After years of speculation that the Yankees would build a new ballpark to replace Yankee Stadium, construction on a new facility began on August 16, 2006 with a groundbreaking ceremony across the street in Macombs Dam Park.

After the final game in the Stadium's history was played on September 21, 2008, public tours of Yankee Stadium continued until November 23, 2008. November 9, 2008 was the last day the public tours included Monument Park and the retired number area. On November 12, 2008 construction workers began removing memorials from Monument Park for relocation to the new facility. On November 8, 2008 former Yankees Scott Brosius, Paul O'Neill, David Cone and Jeff Nelson, all members of the 1998 World Series championship team, joined 60 children from two Bronx based youth groups Youth Force 2020 and the ACE Mentor Program in ceremoniously digging up home plate, the pitcher's mound pitching plate (rubber) and the surrounding dirt of both areas and transporting them to comparable areas of the new Yankee Stadium.

Demolition of the original Yankee Stadium was completed on May 13, 2010. A 10-acre park complex called Heritage Field will be constructed on the old stadium site, accounting for 40 percent of the original parkland that is now occupied by the new Stadium. The groundbreaking ceremony for Heritage Field took place on June 29, 2010.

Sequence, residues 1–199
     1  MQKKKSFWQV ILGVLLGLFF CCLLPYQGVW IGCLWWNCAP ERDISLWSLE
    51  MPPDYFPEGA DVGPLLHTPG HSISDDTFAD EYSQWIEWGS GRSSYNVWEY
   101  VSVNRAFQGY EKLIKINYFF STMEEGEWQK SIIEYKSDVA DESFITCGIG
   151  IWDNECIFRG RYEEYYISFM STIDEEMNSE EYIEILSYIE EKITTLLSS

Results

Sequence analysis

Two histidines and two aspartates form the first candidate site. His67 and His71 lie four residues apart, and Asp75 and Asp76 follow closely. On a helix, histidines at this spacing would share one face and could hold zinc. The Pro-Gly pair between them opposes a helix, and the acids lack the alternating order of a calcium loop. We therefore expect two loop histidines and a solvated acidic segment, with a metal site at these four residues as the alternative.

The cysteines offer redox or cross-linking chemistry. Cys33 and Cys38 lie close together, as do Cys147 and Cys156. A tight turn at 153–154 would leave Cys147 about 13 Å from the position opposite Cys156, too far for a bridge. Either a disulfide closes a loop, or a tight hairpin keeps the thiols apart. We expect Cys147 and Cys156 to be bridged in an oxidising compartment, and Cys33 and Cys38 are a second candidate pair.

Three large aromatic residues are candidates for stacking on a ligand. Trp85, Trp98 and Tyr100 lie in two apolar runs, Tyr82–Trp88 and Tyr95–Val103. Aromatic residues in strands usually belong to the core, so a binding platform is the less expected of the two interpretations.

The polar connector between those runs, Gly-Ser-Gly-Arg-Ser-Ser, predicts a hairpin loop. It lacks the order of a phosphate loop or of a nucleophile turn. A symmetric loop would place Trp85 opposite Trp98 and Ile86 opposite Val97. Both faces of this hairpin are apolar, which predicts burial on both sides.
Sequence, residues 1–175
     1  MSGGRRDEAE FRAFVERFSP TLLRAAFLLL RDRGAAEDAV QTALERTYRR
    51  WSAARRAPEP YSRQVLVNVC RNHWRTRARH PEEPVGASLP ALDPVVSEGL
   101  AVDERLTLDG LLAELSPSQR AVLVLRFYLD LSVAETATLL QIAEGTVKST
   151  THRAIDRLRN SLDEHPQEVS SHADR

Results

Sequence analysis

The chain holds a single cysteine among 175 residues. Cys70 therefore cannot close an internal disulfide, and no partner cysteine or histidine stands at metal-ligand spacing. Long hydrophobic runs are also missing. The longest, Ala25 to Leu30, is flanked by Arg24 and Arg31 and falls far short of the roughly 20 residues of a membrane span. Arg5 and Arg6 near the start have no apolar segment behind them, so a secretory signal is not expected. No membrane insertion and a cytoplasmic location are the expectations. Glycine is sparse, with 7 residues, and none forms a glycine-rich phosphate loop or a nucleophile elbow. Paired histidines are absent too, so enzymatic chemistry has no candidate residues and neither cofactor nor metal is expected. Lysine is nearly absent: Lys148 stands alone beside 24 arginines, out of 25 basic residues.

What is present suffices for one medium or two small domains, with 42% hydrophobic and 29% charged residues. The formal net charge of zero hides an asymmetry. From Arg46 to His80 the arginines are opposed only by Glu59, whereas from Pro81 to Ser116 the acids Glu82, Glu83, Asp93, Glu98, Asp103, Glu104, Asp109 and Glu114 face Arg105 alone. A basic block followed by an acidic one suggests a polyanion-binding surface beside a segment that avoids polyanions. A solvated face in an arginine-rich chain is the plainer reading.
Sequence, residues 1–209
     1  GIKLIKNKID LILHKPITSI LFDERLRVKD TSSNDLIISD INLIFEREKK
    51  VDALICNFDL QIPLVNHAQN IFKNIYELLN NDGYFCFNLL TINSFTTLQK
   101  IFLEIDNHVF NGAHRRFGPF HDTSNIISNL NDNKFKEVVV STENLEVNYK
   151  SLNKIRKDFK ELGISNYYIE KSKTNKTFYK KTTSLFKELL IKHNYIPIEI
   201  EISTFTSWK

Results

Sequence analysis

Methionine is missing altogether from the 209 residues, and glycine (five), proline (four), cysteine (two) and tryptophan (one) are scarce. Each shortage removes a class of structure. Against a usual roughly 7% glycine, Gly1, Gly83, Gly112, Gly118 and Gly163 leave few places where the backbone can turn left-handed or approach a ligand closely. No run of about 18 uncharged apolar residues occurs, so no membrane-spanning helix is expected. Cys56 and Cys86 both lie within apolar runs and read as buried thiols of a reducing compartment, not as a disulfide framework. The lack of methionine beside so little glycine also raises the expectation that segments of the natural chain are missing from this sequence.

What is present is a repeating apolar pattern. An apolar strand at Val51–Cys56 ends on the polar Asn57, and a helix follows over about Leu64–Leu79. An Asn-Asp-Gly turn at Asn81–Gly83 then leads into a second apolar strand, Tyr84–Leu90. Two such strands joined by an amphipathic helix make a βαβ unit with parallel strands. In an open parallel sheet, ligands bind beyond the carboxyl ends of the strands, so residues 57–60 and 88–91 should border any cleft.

ISBN links support NWE through referral fees

  • Buchanan, Andy. Wise Guide Yankee Stadium Guide: The Fan Navigator to Yankee Stadium. Wise Guides, 2007. ISBN 978-0976877257
  • Dame, Kevin T. Yankee Stadium in Your Pocket: A Fan's Guide. Baseball Direct, 2004. ISBN 978-0964094628
  • Jennison, Christopher, and Ray Robinson. Yankee Stadium: Drama, Glamor, and Glory. Studio, 2004. ISBN 978-0670033010

External links

All links retrieved May 22, 2023.

Current ballparks in Major League Baseball
National League American League
AT&T Park | Busch Stadium | Chase Field | Citizens Bank Park | Coors Field | Dodger Stadium | Dolphin Stadium | Great American Ball Park | Miller Park | Minute Maid Park | PETCO Park | PNC Park | RFK Stadium | Shea Stadium | Turner Field | Wrigley Field Angel Stadium | Comerica Park | Fenway Park | Hubert H. Humphrey Metrodome | Jacobs Field | Kauffman Stadium | McAfee Coliseum | Oriole Park | Rangers Ballpark | Rogers Centre | Safeco Field | Tropicana Field | U.S. Cellular Field | Yankee Stadium